The new Facility, which is expected to be completed in Q4 ’18, will be capable of “small batch” manufacturing and development of manufacturing processes. The company is focusing on battery, powertrain, and autonomous vehicle development at the facility.
Yifan Tang joined SF Motors in February 2017. He was previously the technical lead on Facebook’s high-altitude long-range aircraft aimed at beaming internet across the globe. Before Facebook, Tang was VP of Drivetrain Engineering at Lucid Motors for three years and Principal Motor Technologist at Tesla for five years. During his time at Tesla Tang designed the motors for the Roadster, Model S, Mercedes B-Class/Toyota Rav4, and the prototype Model X AWD. Tang has a Ph.D. in electrical engineering from The Ohio State University and 35 U.S. patents.
In October 2017 SF Motors acquired Tesla co-founder Martin Eberhard’s battery module startup evINIT for $33M. Eberhard is now Chief Strategy Officer at SF Motors and the former CEO of evINIT, Mike Miskovsky, is Chief Development Officer. Eberhard served as the CEO of Tesla in its early years until late 2007.
Closing the loop from R&D to Manufacturing
SF Motors’ CTO Yifan Tang tells Teslarati that the new facility will help “close the loop from R&D to manufacturing,” and help accelerate the company to mass production. Tang describes the new facility as a key part of SF Motors strategy as they push forward to mass production.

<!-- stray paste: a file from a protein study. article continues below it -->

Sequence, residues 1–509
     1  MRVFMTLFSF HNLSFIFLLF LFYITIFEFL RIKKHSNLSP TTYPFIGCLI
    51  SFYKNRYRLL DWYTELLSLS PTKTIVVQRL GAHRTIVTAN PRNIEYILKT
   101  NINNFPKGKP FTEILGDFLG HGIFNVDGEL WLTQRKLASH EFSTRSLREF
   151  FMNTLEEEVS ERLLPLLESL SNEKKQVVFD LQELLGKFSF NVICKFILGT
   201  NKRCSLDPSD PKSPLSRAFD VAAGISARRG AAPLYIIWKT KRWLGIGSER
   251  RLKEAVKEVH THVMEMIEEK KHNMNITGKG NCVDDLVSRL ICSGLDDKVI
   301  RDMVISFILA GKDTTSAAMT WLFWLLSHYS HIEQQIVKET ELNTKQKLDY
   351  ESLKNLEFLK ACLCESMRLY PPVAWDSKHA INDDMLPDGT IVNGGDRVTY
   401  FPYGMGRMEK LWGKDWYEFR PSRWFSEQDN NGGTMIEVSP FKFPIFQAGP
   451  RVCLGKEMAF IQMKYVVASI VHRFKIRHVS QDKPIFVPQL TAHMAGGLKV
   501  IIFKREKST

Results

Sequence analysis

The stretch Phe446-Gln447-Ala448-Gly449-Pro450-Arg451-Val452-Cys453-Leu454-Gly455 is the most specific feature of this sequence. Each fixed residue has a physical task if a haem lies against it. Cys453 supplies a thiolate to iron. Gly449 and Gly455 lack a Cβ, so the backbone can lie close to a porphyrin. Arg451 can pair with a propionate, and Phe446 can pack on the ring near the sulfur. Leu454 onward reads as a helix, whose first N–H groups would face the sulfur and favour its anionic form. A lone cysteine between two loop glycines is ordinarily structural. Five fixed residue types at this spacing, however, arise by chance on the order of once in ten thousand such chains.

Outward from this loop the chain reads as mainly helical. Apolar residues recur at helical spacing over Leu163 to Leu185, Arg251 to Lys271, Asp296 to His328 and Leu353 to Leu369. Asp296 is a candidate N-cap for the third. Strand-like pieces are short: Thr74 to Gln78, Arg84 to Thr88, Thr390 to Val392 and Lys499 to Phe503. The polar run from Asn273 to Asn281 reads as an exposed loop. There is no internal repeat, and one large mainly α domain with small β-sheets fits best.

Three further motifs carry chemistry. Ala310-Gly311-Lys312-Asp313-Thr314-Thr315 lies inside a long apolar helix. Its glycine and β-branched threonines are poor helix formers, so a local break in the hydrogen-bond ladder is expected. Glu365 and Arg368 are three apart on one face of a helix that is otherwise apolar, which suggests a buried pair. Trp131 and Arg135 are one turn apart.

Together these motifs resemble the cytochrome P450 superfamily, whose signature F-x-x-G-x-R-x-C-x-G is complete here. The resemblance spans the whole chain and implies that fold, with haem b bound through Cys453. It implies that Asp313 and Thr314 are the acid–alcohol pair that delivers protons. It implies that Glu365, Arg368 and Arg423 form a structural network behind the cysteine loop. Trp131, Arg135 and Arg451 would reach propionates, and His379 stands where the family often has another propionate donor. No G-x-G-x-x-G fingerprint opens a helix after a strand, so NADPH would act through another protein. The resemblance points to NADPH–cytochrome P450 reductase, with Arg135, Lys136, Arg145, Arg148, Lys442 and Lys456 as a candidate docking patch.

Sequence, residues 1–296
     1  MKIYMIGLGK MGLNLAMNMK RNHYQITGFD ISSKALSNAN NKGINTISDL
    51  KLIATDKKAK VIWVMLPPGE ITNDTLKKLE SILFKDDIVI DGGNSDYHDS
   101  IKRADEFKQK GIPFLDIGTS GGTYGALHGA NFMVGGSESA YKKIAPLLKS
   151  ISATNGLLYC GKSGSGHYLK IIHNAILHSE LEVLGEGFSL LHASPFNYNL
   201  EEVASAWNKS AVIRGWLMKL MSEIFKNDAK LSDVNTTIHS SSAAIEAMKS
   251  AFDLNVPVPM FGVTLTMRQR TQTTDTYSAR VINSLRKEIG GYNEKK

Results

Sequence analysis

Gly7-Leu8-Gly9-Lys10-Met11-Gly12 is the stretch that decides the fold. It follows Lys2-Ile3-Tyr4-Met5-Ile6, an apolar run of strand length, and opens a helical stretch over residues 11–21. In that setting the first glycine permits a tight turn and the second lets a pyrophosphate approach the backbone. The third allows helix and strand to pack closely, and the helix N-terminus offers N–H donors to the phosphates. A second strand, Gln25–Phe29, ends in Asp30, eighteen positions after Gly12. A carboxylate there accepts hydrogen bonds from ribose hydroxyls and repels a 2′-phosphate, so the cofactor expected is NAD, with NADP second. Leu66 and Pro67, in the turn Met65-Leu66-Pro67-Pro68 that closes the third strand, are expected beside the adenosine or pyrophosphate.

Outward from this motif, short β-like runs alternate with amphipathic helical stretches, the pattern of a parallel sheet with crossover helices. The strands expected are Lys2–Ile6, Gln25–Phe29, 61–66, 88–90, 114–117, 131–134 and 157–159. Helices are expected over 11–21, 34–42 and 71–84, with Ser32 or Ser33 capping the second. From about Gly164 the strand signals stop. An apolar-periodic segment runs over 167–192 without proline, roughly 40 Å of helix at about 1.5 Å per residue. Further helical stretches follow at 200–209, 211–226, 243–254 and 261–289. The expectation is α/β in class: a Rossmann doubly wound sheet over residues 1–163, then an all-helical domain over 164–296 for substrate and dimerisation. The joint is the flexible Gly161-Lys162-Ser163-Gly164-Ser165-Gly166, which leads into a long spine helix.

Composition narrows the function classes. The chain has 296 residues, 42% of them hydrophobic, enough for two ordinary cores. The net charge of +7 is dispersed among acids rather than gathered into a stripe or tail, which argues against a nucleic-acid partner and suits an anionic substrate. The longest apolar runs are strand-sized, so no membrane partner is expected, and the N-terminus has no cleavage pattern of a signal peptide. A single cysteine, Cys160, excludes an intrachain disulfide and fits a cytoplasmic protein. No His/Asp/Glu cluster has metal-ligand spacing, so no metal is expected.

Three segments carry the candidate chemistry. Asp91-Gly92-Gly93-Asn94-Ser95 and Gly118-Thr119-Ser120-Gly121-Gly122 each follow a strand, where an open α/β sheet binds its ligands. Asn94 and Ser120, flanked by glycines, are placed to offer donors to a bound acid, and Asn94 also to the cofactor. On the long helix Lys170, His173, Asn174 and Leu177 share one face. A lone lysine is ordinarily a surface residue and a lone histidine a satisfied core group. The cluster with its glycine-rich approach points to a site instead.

According to SF Motors, the company is already prepping manufacturing facilities in the U.S. and China. SF Motors purchased a 675,000 sqft plant in Indiana from AM General in November 2017. The company also has a massive factory in Chongqing, China, with nearly 8.4M sqft of manufacturing space that’s capable of producing 200,000 vehicles per year.
SF’s Tang emphasized that the company’s abilities to produce small-batch trial production at their R&D facility will differentiate itself from other automotive manufacturers. The company plans to also produce battery cells at the facility and will test different cell configurations, modules, and battery pack sizes.
SF plans to produce a wide range of vehicles, and the ability to tweak cell chemistry along with module configurations will allow them to produce battery packs that are optimized for cost efficiency and performance.
The new R&D facility will house roughly 100 employees, but its proximity to the company’s headquarters allows the company to shift employees back and forth. “Drawing on our global business model and decades of manufacturing experience, locating this facility near our Silicon Valley headquarters will strategically ensure quality and efficiency as we prepare to bring our intelligent EVs to market,” Tang said in a press release.
SF Motors plans to start trial production of their vehicles at the end of this year.
Update at 10:35 am PT: An earlier version of this article incorrectly stated that SF Motors was a subsidiary of Sokon Motors. Sokon Motors was a large initial investor in SF Motors, but does not wholely own the company.
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